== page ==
I have to admit that the entire time I was cooking, I was really looking forward to the cocktail. The mixologists at Beetle House are imaginative with the libations and many are named after Tim Burton characters or films. Among the options in the cookbook are This Is Halloween, Edward’s Lemonade and the Big Fish Bowl. As I previously mentioned, I chose The Beetle’s Juice.

This adult beverage features silver tequila, which I normally don’t drink. I opted for Jose Cuervo Silver. Blackberries, lime, angostura bitters, simple syrup, cranberry juice, ice and blackberry schnapps are needed. I couldn’t find blackberry schnapps, so I substituted it with Chambord since it has a similar flavor. As is done with many apéritifs, the ingredients got shaken together then poured into glasses. I decided to serve this in a martini glass as opposed to the highball glass the recipe calls for. Maybe it’s my penchant for dry martinis that I opted for that particular drinkware.

My bartending skills are practically non-existent, but the cocktail turned out delightful! It was refreshing, balanced and smooth. None of the ingredients overpowered each other. I enjoyed the taste so much that I had three servings. Don’t worry. I was still standing by the end. If you don’t imbibe in alcohol, there is a virgin version.

A Nightmare Come True

When it was time to dig in, I was excited and nervous. My goal was to at least produce an edible meal and thankfully I succeeded. Even my husband, who is an excellent cook, enthusiastically complimented my efforts. The Cheshire Mac and Cheese is a perfect comfort food dish when you’re in the mood for something warm and decadent. I’ve had this entrée at the Beetle House restaurant and loved it, so I was pleased to replicate it.

Cheshire Mac and Cheese
Cheshire Mac and Cheese

I feel my first attempt at tackling the creations in this book went well and I plan to experiment with other dishes and beverages. Health-conscious eaters will be happy to know that several of the recipes offer vegan alternatives for guilt-free indulgence. Plus, the final chapter of the cookbook gives fun, spooky-themed party ideas to take your dinner to the next level.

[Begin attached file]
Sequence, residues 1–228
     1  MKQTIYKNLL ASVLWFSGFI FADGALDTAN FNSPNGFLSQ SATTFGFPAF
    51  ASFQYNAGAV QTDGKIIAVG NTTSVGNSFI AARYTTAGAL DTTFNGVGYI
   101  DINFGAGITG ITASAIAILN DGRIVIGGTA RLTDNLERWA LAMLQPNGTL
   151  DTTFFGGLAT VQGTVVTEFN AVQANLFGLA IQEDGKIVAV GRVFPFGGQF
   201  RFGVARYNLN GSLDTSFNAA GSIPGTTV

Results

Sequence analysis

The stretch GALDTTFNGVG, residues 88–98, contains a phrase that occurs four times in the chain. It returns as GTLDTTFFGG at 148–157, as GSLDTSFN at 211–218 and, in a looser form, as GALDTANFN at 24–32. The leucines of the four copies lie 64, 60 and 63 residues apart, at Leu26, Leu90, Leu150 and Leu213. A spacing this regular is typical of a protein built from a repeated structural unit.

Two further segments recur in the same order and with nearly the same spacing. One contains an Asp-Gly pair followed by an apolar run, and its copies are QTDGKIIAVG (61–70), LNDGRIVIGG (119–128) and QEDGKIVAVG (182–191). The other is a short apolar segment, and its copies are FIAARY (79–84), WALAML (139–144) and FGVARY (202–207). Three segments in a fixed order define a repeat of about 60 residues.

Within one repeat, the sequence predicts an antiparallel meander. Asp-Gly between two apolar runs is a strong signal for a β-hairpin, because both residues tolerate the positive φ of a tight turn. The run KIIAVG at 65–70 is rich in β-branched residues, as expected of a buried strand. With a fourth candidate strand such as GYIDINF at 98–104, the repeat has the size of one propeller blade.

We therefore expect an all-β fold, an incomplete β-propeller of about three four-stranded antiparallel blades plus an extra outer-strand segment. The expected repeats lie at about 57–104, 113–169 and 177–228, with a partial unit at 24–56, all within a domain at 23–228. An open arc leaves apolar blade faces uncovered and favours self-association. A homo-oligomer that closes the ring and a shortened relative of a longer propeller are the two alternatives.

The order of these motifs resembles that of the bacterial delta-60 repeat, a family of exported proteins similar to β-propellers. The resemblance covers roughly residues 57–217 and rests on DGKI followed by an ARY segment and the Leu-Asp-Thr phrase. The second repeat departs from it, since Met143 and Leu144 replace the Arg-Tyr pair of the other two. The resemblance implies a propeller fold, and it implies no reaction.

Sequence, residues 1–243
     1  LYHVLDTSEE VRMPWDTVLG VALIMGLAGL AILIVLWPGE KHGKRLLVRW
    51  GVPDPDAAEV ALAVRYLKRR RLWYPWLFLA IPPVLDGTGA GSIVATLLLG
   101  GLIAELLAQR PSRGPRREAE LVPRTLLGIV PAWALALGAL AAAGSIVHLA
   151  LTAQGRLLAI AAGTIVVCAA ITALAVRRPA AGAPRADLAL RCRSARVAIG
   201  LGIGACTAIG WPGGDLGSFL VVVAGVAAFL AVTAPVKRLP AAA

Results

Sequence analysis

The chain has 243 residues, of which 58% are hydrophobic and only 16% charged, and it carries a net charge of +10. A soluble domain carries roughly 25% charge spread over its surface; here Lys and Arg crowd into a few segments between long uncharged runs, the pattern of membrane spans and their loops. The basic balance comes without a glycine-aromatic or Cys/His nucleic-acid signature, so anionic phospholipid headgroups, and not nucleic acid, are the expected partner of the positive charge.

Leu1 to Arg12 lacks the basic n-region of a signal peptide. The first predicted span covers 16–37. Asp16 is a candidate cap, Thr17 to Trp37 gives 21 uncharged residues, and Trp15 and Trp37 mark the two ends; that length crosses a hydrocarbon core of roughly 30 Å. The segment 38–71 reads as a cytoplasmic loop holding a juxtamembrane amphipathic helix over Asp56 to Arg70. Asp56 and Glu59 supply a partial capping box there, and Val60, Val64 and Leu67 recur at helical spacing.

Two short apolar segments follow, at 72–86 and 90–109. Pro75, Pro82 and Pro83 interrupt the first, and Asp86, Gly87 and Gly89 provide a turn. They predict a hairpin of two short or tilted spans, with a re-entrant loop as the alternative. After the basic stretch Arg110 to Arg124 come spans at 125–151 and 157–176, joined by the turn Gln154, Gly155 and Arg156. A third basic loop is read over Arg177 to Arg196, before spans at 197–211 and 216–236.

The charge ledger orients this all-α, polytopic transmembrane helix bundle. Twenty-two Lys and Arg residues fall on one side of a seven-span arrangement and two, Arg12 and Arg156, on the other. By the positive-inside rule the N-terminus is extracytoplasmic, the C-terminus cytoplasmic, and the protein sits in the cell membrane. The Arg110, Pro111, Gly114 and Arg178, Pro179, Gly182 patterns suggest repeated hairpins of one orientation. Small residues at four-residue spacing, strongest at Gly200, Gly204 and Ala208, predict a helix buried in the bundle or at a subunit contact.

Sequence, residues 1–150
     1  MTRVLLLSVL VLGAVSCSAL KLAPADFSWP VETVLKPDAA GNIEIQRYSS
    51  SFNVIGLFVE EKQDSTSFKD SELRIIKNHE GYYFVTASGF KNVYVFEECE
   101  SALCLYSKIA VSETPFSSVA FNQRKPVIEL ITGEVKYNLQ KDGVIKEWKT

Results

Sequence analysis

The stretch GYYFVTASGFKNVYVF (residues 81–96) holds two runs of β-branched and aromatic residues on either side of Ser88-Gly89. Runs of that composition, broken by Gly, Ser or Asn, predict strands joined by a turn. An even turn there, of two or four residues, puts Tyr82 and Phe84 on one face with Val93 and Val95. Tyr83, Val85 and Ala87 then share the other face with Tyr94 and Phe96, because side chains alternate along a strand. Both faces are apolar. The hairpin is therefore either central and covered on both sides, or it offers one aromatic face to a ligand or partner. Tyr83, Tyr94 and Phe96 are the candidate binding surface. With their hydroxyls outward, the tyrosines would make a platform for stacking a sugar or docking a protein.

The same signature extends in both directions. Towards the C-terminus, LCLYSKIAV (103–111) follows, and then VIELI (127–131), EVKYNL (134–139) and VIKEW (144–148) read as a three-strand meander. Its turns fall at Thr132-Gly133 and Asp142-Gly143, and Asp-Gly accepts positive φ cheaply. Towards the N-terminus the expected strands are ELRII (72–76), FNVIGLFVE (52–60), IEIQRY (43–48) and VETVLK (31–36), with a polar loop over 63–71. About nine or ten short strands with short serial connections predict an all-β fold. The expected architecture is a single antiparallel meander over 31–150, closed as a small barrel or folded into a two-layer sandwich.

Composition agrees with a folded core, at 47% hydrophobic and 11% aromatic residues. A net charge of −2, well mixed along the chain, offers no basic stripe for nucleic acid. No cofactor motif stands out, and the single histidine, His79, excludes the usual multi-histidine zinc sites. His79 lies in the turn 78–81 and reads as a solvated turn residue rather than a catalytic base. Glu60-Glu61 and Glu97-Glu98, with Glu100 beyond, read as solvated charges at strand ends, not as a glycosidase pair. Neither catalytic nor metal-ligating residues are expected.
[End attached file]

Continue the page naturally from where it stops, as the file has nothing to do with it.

Whether you’re a foodie, Halloween lover or Tim Burton fan, you’ll find plenty to appreciate within the pages of the Beetle House cookbook. Learn more and purchase the book by visiting Beetle House LA.

For more on Beetle House Los Angeles, read about my first visit here and get a look at the new location here.

17 thoughts on “Creepy Concoctions From the Beetle House Cookbook

  1. I love love love this read! I think the only thing to love more about it is to have had eaten some. I hope to visit the Beetle House one day.

    Liked by 1 person

  2. Oh, good one, Jenn, both in the topic you chose, and in the superb way you realized it!

    You let the recipes start you in the right direction, but from there you improvised, replaced and experimented your way to success. Isn’t that what good cooking’s all about? The cookbook provided you ideas, which your skills elevated to something special, something uniquely yours. Yet, you’d have us believe you’re not a cook. Yeah, right.

    In fact, I just may steal your idea, and use the “Nightmare Before Dinner” cookbook to suggest something to try for a late October/Halloween post. See what you started?

    Liked by 1 person

    1. Yes, you should definitely do some recipes from the book for Halloween season! You would love it and I would love to see and read about your experience with the cookbook 🙂